In the debate over raising capital requirements for mega-banks, one new argument that is making the rounds is that the regulators are addressing the wrong problem. The financial crisis was a liquidity crisis—not a capital crisis.
Capital is not the same thing as liquidity, with which it's often confused. Liquidity is the ability to pay your current debts. It is possible for a bank to be solvent—i.e., have plenty of capital—but still fail because it doesn't have the money to pay the people who want their cash today. The risk of this gets bigger when a bank, which has assets that pay over a long time, funds itself with short-term paper.
Historically, most, if not all, bank failures have resulted from a run on the bank, meaning that short-term lenders or depositors yank their money because they doubt the value of the bank's assets. Once that fear sets in, it doesn't matter whether the bank is well-capitalized or not: It runs out of cash anyway. Bear Stearns and Lehman Brothers could plausibly argue, at the time of their demise, that they were well capitalized, but they still suffered a run because investors no longer trusted the value of the assets. The very situation in which a bank most needs a lot of capital is when investors start to suspect that the bank might be lying about the value of its assets. At that point, no amount of capital is enough.
That’s not quite right. It’s not true that no amount of capital would have been enough to save Lehman Brothers or Bear Stearns. What caused the collapse of liquidity at both firms was an unwillingness of counter-parties to extend credit to them. What lead to this unwillingness was a fear that the banks were inadequately capitalized to sustain losses from mortgage-related investments they owned.
To put it differently, market actors fears Bear and Lehman were inadequately capitalized. This fear was driven by a lack of transparency, a lack of trust, and actual capital inadequacy.
New capital requirements that are strictly limited to common equity—rather than some less easy to understand hybrid—would go a long way to preventing a liquidity run. Counter-parties wouldn’t need to trust the banks when they claim that they are adequately capitalized because the capitalization levels would be simple, transparent and high.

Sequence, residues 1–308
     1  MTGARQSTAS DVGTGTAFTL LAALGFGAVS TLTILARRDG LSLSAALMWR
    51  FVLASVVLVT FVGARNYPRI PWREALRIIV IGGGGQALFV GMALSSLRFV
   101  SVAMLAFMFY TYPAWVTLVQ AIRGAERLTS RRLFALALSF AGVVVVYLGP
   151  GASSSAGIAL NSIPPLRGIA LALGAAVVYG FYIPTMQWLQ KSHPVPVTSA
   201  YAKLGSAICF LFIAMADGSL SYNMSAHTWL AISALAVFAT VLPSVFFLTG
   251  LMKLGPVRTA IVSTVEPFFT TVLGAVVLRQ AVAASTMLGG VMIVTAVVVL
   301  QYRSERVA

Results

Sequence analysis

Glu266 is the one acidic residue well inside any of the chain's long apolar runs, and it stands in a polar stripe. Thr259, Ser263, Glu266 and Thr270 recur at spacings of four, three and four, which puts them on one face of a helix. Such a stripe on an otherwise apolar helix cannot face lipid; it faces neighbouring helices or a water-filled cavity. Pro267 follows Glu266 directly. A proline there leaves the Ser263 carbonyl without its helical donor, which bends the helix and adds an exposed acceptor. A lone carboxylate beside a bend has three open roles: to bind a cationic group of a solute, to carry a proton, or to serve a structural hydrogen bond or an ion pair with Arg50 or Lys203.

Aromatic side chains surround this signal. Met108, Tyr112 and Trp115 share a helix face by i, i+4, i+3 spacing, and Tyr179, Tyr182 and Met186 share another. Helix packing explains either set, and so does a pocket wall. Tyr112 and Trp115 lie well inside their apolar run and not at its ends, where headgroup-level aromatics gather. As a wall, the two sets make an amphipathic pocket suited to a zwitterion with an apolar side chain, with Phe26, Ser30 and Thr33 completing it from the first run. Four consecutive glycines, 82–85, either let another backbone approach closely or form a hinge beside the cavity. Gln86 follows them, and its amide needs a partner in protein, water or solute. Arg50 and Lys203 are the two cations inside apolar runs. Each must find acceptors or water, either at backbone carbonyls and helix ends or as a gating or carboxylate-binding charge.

Remember back during the financial crisis when we heard a lot of talk about “tangible common equity” being the only reliable loss-absorbent form of capital. The banking executives hated that because they thought it was unfair for the market to hold them to a different standard than the broader regulatory capital definition of “tier 1 capital,” which was what the regulators used to measure of capital adequacy.
In some ways, the executives had a point. A gap had developed between what regulators considered a test of adequacy and what the markets considered the test. The executives were not used to answering to the markets in this way—they were geared to satisfying regulators. But the market didn’t have to adopt the regulators view of capital adequacy—and it didn’t.
Regulators are now trying to bridge the gap by requiring the biggest banks to hold additional common equity capital. The bet is that this will help prevent liquidity crunches by reassuring markets that the banks are adequately capitalized.
So saying that capital and liquidity are separate issues is a bit misleading. Firms might fail because liquidity dries up—but it is doubts about capital adequacy that evaporate liquidity.
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